BenringerX32 Mixing EQ

Here are some EQ guidelines for mixing live performances of acoustic style instruments. Every gig is different and requires unique EQ settings - it depends on how large the band is, what instruments are playing, and making spaces for instruments/vocals to produce balanced and clear audio.


100 Hz and below: Rumble: Mostly wind, mic-handling noise, stage/floor vibrations. Cut this out.
200 Hz Boom: This frequency is usually where you'll find the "head cold" sound. The female voice may run a little higher, but this is the ballpark.
400Hz Honk: Honky or Boxy sound. Sometimes you need to cut this slightly.
800 to 1,000 Hz   Word Clarity/Nasality: Not enough and intelligibility of some lyrics may be unintelligible, too much and you get the teacher from Peanuts
5,000 Hz Presence: Use to lift the vocal above in the mix. Adds some energy, or some "buzz" to a vocal. Not enough, and the vocal may sound deflated, flat, and dull.
4,000 to 8,000 Hz Sizzle/Sibilants: Typically this is the range a de-esser is handling – the "sss" sound. Male sibilance is typically 3-7k Hz and female sibilance is typically 5-9k Hz.
10,000 Hz and up Air: Apply a light shelf boost here to open up the vocal a little.


40 to 80 Hz  Bottom: Especially with five-string variations, this is where the bottom resonances of most basses live
80 to 200 Hz Fundamentals: The primary fundamental of the bass. Right around 180 to 200 Hz is where you can try to cut in on a bass that is too "boomy" to clean it up while preserving fundamentals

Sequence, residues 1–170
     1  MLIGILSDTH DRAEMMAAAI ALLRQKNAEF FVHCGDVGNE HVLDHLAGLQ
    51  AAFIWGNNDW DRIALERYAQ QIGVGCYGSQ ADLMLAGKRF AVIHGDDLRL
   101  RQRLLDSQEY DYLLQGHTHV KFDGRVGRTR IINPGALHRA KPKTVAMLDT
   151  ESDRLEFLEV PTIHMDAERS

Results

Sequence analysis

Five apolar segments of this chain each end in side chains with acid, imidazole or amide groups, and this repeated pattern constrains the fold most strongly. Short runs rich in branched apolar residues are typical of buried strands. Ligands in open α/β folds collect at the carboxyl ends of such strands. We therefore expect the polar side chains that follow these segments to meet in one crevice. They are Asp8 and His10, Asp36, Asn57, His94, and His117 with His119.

200 to 600 Hz Overtones: These are the upper harmonics of most bass tones, depending on the sound you're interested in. Lift these for more tonal carlity/definition.
300 to 500 Hz Wood: Particularly in upright basses, it's that distinctive, woody bark
800 to 1,600k Hz Bite: The growl and attack of most basses can be either emphasized or toned down around here
2,000 to 5,000 Hz String noise: Sound of the strings – normally cut this out.


 40 to 60 Hz Bottom: The tone of the reverberation in the shell, sometimes too rumbly, can be undefined/indeterminate depending on the mic'ing/speakers
 60 to 100 Hz Thump: The "punch you in the chest" range of the kick
 100 to 200 Hz Body: This is the "meat," if you will, of the kick sound
 200 to 2,000 Hz Ring: Typically cut these frequencies in a large band if you have issues with ringing and muddy sounds
 2,000 to 4,000 Hz Beater Attack: This is the range to look for the "thwack" sound of the beater, critical for getting that "basketball bouncing" kick sound


150 Hz and Below  

Rumble: Wind and breathe. Low shelf cut all this out.

 3,000 Hz This is the screaming baby frequency - feels like being poked in the ear canal with a chopstick. Generally cut this for those high piercing notes. Wider band, -10dB


150 Hz and Below 

     Rumble: Usually can hear the body shell noise and bumps. Cut all this out.

450 Hz Honk / Boxy: Might need to cut this. Narrow band – or you may lose the wood.
3,000 Hz This is the screaming baby frequency - feels like being poked in the ear canal with a chopstick. Generally cut this for those high piercing notes. Wider band, -10dB

Feedback Frequencies

Feedback frequencies can vary depending on room acoustics and microphones. Its best to ring out your mics before the gig to find these exactly.

Generally you may need to cut 2,000 Hz and 4,000 Hz for the high end feedback. Sometimes you may need to cut the low end hum at 500Hz.